Skip to main content


Long over due update! We added livestock (and poultry)!

Non-gas operated lawn mowers! It is hard to believe I am so far behind on my blog posts.   Spring is a busy time on the homestead, especially a first spring!   Two and a half inches of rain last night in about a two hour period has given me some time this morning to write as it is too wet to get much done!   So much has happened in the last two months, I will probably on touch on most of it in an attempt keep this post readable!   First, we lost our bee hive from last year, the bees ate the stores in the middle of the hive, all the way to the top, but did not eat the outermost combs.   From the looks of it they ended up starving themselves out because they moved too far from the edges for them to reach them with the cold weather.   We were able to salvage about 15 lbs of honey and a pound or so of wax out of the dead hive. We also managed to harvest a couple containers of virgin honey comb. This years honey harvest In this picture you can really see the pollen in the ho
Recent posts

We Have Kinders!!

We have Kinders! A little more than two weeks ago I took off my Army uniform for the last time, loaded into a car and headed back to Mn for the last trip of my military career.    The ride home was an adventure in itself to say the least.   First, we stopped at the Double B Café in Beloit, Wisconsin, this is a small farm café, that is owned by Ms Barbara Beeler, whom we will be purchasing a cow/calf pair of belted Galloway from.   Since it was a Friday during lent Terri had an omelet and I had blue berry pancakes for a late lunch.   They were delicious!   We also tried their “duck butt” blue berry muffins, it is basically a blue berry muffin made with duck eggs.   I am starting to see what the big deal is about duck eggs in baking, they were delicious and very moist!   We also got to see Candy and Evie, our cow/calf pair.   Evie is a little fire ball! I cannot wait for them to get here!   After that, we headed about an hour and a half north east of there, to pick up three addit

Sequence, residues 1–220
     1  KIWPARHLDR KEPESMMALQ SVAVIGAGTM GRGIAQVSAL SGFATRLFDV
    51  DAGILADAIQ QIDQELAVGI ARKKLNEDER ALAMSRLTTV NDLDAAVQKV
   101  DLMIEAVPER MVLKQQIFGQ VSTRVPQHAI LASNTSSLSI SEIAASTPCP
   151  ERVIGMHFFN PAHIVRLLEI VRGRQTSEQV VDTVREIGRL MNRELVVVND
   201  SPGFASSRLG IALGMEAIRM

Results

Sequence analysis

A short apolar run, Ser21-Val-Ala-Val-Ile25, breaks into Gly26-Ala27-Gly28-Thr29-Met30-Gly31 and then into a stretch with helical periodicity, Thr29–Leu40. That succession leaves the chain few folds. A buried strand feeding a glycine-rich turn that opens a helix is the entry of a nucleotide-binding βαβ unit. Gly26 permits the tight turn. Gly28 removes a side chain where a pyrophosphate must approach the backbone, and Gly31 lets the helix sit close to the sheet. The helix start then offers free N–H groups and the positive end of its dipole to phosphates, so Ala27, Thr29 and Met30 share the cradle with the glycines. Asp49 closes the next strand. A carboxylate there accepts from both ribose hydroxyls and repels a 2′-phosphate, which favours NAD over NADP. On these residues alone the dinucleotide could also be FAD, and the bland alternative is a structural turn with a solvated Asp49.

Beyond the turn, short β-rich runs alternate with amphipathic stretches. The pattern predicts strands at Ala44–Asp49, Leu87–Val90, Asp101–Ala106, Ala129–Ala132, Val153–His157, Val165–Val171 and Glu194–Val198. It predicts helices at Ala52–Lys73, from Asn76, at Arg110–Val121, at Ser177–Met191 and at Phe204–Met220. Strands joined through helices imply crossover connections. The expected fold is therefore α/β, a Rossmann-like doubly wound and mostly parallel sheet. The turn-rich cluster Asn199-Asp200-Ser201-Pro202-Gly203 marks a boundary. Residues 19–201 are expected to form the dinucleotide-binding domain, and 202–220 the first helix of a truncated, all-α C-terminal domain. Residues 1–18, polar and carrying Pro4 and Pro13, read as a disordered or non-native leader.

Applying for a Grant, Kinders, a Web Page and Bee Poop

It is hard to believe that I am now less than 3 weeks away from signing out of a military installation for the last time and going to the farm live full time. Things have been pretty busy since the last post, I did make it home for a weekend, but the weather was still to bad to do much outside with too much snow on the ground.   On a good note I did got a lot of my woodworking and pen supplies organized and set up while I was home and we got the Saltwater Aquarium stocked with some fish and invertebrates, still 6 months to a year out from coral however but after it being in storage for over 6 years it was nice to have it running again. Most of the work on the farm lately has been behind the screens, working on a business plan and financials in order to apply for a grant from the Farmers Veteran Coalition (   We are applying for the grant to help pay for running electricity to the farm property, the cost of which will be about $4200.   We need to get th